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Sanctions evasion reporting under Canada’s anti-money laundering and anti-terrorist financing regime

On June 20, 2024, Bill C-59, The Fall Economic Statement Implementation Act, 2023 (Bill C-59) received Royal Assent and became law in Canada, expanding Canada’s federal anti-money laundering and anti-terrorist financing regime under the Proceeds of Crime (Money Laundering) and Terrorist Financing Act (PCMLTFA) to, effective August 19, 2024, require entities subject to the PCMLTFA to report to the Financial Transactions and Reports Analysis Centre of Canada (FINTRAC) transactions suspected to be related to sanctions evasion.

Canada’s sanctions regime

Canadian sanctions are imposed on designated countries, natural persons and entities (designated persons) under the United Nations Act, the Special Economic Measures Act and the Justice for Victims of Corrupt Foreign Officials Act (the Sergei Magnitsky Law). Canadian sanctions apply to all persons (natural persons and entities) in Canada and Canadians outside of Canada and prohibit dealings or restrict activities with designated persons.

Reporting entities must report to law enforcement, the federal government, and/or federal or provincial regulators, as required under Canadian sanctions legislation, their possession or control of property owned or controlled by a designated person.

PCMLTFA sanctions evasion amendments

The obligations in the PCMLTFA and its regulations apply to prescribed persons commonly referred to as reporting entities (including banks, mortgage lenders, and money services businesses). Bill C-59 amends the PCMLTFA to expand the sanctions reporting obligations of reporting entities to require reporting entities to, as of August 19, 2024, submit a suspicious transaction report to FINTRAC if there are reasonable grounds to suspect that a financial transaction that occurs or is attempted in the course of the reporting entity’s activities is related to a sanctions evasion offence.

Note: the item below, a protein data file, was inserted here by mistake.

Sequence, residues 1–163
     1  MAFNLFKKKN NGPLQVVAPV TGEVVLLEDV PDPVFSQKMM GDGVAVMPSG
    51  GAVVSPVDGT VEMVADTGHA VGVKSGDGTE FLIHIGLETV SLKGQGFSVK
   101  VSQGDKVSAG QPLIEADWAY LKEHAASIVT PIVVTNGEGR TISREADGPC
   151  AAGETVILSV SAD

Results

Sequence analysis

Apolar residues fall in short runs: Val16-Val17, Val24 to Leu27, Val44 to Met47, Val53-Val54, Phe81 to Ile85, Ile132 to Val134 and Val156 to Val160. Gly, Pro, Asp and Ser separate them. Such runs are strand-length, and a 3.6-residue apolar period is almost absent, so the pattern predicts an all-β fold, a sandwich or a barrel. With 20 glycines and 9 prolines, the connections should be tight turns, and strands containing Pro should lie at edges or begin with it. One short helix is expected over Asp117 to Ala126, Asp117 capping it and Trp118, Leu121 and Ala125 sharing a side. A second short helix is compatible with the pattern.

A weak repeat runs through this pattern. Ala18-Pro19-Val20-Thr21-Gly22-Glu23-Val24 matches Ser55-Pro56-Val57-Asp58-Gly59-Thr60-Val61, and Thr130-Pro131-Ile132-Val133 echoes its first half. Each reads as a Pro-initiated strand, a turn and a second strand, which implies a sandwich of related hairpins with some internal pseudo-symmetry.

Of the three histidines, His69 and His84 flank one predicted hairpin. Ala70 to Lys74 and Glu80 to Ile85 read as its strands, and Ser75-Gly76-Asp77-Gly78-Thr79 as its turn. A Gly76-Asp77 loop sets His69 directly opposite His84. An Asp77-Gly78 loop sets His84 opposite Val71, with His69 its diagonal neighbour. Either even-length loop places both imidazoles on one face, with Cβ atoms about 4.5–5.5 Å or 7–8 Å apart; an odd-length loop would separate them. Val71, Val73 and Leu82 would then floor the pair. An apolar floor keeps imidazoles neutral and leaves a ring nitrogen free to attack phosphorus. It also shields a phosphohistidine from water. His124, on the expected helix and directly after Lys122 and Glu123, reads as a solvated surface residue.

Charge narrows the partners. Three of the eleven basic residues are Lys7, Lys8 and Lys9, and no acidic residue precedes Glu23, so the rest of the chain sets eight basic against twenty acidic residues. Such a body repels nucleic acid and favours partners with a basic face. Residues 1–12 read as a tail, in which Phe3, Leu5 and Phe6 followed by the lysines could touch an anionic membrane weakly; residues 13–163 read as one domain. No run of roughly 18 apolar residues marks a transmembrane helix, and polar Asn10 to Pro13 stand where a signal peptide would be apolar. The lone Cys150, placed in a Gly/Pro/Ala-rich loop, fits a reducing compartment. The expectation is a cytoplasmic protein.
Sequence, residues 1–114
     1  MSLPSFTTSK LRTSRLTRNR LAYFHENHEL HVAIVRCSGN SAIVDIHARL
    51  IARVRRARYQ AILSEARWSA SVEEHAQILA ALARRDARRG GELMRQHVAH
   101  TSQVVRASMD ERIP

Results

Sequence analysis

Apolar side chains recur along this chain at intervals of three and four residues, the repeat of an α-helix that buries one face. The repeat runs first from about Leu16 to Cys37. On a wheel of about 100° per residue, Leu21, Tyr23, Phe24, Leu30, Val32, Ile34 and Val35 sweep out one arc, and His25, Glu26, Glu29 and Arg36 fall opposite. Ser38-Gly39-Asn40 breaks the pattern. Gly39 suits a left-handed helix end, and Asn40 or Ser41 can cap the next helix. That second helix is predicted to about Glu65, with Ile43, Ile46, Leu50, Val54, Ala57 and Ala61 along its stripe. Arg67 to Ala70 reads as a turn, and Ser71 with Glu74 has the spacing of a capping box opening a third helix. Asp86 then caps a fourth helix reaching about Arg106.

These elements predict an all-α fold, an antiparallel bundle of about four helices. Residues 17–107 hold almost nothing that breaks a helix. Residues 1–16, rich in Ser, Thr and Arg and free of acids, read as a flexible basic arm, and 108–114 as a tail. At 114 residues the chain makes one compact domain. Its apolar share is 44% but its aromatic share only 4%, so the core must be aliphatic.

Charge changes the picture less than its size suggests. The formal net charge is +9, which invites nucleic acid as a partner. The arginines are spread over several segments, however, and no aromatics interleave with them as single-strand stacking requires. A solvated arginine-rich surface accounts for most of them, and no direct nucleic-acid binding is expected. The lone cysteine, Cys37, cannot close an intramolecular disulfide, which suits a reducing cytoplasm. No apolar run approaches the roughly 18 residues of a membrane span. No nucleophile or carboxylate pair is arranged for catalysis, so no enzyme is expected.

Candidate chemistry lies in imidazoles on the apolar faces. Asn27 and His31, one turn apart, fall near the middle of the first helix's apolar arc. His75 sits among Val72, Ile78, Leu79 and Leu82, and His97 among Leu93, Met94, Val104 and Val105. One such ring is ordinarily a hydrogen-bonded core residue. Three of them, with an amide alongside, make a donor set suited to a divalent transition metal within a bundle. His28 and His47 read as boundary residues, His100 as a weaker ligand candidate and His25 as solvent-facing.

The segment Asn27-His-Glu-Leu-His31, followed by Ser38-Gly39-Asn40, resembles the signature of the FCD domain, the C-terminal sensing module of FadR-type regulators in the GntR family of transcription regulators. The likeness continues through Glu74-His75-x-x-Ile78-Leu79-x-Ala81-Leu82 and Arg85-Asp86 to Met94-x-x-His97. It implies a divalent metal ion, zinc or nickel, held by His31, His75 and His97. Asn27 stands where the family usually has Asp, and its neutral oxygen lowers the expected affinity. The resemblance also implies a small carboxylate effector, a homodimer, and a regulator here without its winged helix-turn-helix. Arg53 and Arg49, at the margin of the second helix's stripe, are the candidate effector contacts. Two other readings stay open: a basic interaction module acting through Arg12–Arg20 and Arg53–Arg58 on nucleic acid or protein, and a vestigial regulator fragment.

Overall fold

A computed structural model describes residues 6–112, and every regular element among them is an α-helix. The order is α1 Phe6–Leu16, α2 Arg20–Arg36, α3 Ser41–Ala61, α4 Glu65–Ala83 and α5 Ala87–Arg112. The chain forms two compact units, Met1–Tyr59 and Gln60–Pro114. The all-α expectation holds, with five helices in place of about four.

The PCMLTFA defines a “sanctions evasion offence” as “an offence arising from the contravention of a restriction or prohibition established by an order or a regulation made under the United Nations Act, the Special Economic Measures Act or the Justice for Victims of Corrupt Foreign Officials Act (Sergei Magnitsky Law).

FINTRAC guidance and special bulletin concerning sanctions evasion reporting

Reporting entities have a short period of time to familiarize themselves with their expanded sanctions reporting obligations. Accordingly, on June 25, 2024, FINTRAC published guidance, Report suspected sanctions evasion (the Guidance) and a Special Bulletin on financial activity associated with suspected sanctions evasion (the Special Bulletin).

The Guidance is to assist reporting entities in understanding and meeting their compliance obligations respecting reporting sanctions evasion, and the Special Bulletin provides information on Canada’s sanctions regulatory framework and is intended to inform reporting entities on the characteristics of attempted or completed financial transactions related to suspected sanctions evasion in order to support their ability to meet their obligations under the PCMLTFA.


The Guidance is brief, and it explains the sanctions evasion reporting requirement and details how reporting entities must report sanctions evasion-related transactions (by submitting suspicious transaction reports to FINTRAC). Suspicious transaction reports must be submitted to FINTRAC if a transaction is suspected of being related to a money laundering or terrorist financing offence. With the passing of Bill C-59, sanctions evasion offences must also be reported and, if the reporting entity suspects the transaction relates to all of the foregoing offences, FINTRAC requires only one suspicious transaction report to be submitted, detailing each of the suspected offences.

Special Bulletin

The Special Bulletin provides information on the characteristics of financial transactions related to suspected sanctions evasion, and FINTRAC states that the purpose of the Special Bulletin is to assist reporting entities in:

  • Identifying and assessing money laundering, terrorist activity financing or sanctions evasion risks,
  • Applying controls and measures to mitigate risks, and
  • Effectively detect and report suspicious transactions to FINTRAC.

Characteristics of financial transactions associated with sanctions evasion identified in the Special Bulletin include:

  • The use of intermediary jurisdictions,
  • Evasion of import and export controls,
  • Non-resident banking,
  • The use of opaque corporate structures,
  • The use of proxies and enablers,
  • Virtual currencies and other alternative financial channels.

Key Contacts